GenX verdict: No more tearjerkers
A sensible lot of today's youth, who may agree with me hands-down that it is insane to segregate a part of their day to deposit it with these nuisance soaps, writes Vipasha Tilak.Updated: Sep 11, 2006 14:33 IST
Welcome to a frothy world- the world of soaps! Where ladies wear a nine-yard silk sari to enjoy a sumptuous meal at the dinner table. Where five generations live under one-roof. And where serpentine dialogues and menacing expressions seem to be the mantra.
'It is a double-pleasure to deceive the deceiver.' This seems to be the driving force that prevents the producers from resting their untiring efforts to betray the Indian viewers who seem to be consuming these soaps as their staple diet.Like the population, the growth of these larger-than-life soaps on the 35 mm screen is expanding at an exponential rate is going unchecked. "The institution of marriage has been abused and robbed of its sanctity," says Aishwarya Nair, Delhi University, student.
"Multiple marriages, unwed mothers, bitching mother-in-laws, exploited daughter-in-laws, the 'with-no-work' vamps who would love to tear the family apart while looking glamorous with oodles of make-up, all set up in maha joint family, truly does not relate to the middle-class viewers and their ethos." Adds Aishwarya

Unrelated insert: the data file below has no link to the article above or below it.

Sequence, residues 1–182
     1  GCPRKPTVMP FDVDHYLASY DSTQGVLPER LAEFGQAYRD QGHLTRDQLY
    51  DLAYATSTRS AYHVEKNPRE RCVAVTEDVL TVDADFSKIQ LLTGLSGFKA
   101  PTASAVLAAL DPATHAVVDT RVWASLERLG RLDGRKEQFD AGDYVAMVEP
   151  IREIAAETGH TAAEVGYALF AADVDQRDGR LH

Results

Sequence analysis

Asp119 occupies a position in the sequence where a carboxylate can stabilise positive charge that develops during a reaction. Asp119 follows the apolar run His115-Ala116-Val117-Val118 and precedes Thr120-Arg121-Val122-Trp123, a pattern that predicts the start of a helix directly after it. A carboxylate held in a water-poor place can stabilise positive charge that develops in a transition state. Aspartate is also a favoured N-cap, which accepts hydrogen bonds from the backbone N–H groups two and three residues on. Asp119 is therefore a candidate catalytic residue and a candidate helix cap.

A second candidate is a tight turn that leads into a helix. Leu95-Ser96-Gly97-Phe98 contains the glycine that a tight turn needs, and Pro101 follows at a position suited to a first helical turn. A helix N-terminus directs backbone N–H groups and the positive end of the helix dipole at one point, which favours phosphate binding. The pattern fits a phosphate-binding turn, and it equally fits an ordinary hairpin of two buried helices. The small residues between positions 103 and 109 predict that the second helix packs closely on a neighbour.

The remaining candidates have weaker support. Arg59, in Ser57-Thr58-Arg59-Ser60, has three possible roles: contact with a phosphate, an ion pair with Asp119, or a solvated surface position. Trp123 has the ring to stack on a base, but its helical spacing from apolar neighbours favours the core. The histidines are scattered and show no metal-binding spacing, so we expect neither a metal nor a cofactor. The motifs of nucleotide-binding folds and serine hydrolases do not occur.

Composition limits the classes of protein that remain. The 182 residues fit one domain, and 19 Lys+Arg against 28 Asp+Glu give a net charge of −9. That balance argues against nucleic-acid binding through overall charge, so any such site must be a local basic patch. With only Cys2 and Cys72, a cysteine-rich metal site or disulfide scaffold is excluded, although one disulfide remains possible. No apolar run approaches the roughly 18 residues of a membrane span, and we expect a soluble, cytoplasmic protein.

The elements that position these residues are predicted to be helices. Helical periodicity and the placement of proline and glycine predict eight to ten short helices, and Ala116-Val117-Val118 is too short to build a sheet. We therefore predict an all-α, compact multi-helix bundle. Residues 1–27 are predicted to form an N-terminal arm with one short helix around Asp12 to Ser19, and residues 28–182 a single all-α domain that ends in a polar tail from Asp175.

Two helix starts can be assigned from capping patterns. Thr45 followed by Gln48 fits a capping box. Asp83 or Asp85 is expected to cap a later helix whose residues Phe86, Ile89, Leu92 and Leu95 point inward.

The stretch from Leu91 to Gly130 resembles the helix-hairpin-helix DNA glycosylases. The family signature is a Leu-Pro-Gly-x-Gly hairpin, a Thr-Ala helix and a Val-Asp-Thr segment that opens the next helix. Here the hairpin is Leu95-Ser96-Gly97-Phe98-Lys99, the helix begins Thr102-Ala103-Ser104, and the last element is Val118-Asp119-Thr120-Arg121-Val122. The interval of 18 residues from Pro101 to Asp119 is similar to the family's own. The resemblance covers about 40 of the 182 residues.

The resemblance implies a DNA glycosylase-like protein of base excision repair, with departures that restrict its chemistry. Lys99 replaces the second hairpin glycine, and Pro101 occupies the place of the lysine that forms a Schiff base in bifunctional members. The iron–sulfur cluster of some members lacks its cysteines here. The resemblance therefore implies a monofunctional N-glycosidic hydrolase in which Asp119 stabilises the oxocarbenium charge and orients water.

Contradicts Rajni Malhotra, a housewife, "After a tiring day at work, these soaps act as stress busters. In fact, I feel grateful that such feuds don't crop up in my family set-up!!"
Soaps have been an every issue-of-conflict in the family curriculum. "Soaps provide the much needed dose of drama for women, not men; that causes some family drama of its own!!"
A sensible lot of today's youth, who may agree with me hands-down that it is insane to segregate a part of their day to deposit it with these nuisance soaps.
First Published: Sep 11, 2006 13:40 IST